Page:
Are you a fan of Serial? How about Making a Murderer? So are we. It seems all the best crime dramas are products of real life. So let us tell you about one that happened in our very own Flatiron district: the sensational murder of acclaimed American architect, Stanford White, by the wealthy Pittsburgh railroad heir, Harry Kendall Thaw. All you have to do is step back in time to a little over a century ago. 1906, to be exact.
Continue reading Flatiron Walking Tour
True story: a few years ago on a late December evening, we arrived in Grand Central after visiting with some friends in Connecticut. We needed to pick up desserts for a friend’s party and Bouchon Bakery was a favorite, so we thought we’d make a quick run to Rockefeller Center. Well, we collided with the holiday-loving mob, and it took us an hour to navigate the tiny Plaza. So now, like all other New Yorkers (well, except Mary Lane at New York Cliche), we avoid Rockefeller Center in December.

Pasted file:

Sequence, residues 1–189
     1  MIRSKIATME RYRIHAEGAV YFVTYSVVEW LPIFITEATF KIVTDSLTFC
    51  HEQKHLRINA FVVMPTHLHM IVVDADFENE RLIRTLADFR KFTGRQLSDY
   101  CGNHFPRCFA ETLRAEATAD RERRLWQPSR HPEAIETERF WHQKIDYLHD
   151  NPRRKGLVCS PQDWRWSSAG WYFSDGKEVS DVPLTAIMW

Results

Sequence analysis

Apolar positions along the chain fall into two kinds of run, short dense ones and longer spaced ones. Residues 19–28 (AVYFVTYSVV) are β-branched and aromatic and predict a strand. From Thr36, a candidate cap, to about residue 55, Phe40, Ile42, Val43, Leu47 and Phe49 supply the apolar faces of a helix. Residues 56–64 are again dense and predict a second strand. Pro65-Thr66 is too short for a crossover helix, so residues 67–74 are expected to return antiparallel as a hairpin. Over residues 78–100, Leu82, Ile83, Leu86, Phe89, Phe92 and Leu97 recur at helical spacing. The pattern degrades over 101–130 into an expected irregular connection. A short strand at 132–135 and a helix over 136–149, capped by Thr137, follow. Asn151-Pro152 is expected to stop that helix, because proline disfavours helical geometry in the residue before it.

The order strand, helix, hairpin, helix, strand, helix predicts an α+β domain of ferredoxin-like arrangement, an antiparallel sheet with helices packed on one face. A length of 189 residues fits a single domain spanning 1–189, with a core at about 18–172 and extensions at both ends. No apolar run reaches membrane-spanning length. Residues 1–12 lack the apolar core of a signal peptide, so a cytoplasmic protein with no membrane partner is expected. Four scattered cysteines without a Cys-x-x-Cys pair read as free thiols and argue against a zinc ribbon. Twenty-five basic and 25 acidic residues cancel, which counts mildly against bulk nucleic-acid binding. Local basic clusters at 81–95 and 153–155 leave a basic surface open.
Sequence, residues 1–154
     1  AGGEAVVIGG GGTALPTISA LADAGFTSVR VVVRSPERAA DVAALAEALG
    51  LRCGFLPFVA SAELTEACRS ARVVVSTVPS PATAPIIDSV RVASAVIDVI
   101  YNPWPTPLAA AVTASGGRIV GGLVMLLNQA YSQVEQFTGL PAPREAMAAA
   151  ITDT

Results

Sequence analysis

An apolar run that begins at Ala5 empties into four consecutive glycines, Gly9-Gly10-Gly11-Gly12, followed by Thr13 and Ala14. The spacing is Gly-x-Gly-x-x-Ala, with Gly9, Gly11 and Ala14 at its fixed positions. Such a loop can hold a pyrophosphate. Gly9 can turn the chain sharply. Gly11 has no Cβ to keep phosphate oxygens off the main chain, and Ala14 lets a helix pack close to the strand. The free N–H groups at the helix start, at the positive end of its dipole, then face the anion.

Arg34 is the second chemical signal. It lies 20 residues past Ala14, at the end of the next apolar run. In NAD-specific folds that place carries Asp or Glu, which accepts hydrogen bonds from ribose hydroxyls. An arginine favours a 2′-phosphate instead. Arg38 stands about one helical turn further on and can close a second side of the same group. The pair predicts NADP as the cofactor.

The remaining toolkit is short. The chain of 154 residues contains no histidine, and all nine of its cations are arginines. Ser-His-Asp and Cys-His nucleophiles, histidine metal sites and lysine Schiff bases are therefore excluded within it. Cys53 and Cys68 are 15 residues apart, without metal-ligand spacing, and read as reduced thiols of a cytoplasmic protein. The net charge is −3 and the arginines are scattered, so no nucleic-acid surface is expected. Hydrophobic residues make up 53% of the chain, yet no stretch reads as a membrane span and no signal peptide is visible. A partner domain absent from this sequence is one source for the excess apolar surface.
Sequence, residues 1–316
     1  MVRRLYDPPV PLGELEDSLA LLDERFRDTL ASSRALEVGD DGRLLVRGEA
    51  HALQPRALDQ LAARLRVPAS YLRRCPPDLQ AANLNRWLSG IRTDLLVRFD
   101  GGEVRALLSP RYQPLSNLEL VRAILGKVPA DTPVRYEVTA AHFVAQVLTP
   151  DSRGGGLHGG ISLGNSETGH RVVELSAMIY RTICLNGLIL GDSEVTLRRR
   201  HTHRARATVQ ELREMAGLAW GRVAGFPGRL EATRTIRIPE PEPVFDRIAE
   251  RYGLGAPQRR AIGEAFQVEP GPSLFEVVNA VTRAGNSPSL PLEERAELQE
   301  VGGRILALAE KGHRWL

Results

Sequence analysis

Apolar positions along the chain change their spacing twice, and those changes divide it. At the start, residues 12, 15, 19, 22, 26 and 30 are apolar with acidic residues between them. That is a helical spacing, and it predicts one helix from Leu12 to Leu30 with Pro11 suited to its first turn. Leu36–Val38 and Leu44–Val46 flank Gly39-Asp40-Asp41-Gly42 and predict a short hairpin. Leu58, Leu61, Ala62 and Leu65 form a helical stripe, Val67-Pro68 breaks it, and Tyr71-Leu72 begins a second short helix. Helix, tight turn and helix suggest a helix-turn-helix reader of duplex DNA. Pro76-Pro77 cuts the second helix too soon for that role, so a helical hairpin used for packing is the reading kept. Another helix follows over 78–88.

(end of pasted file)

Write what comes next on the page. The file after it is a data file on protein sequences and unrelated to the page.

Unless it’s late in the season and/or it’s late at night, and it looks like this.
But, now that the holiday madness has subsided, Rockefeller Center is actually a great place to visit. Come for the skating rink, the television show tapings or Top of the Rock. But stay for the history, design and amazing art.
Continue reading Tourist for a Day: A Visit to Rockefeller Center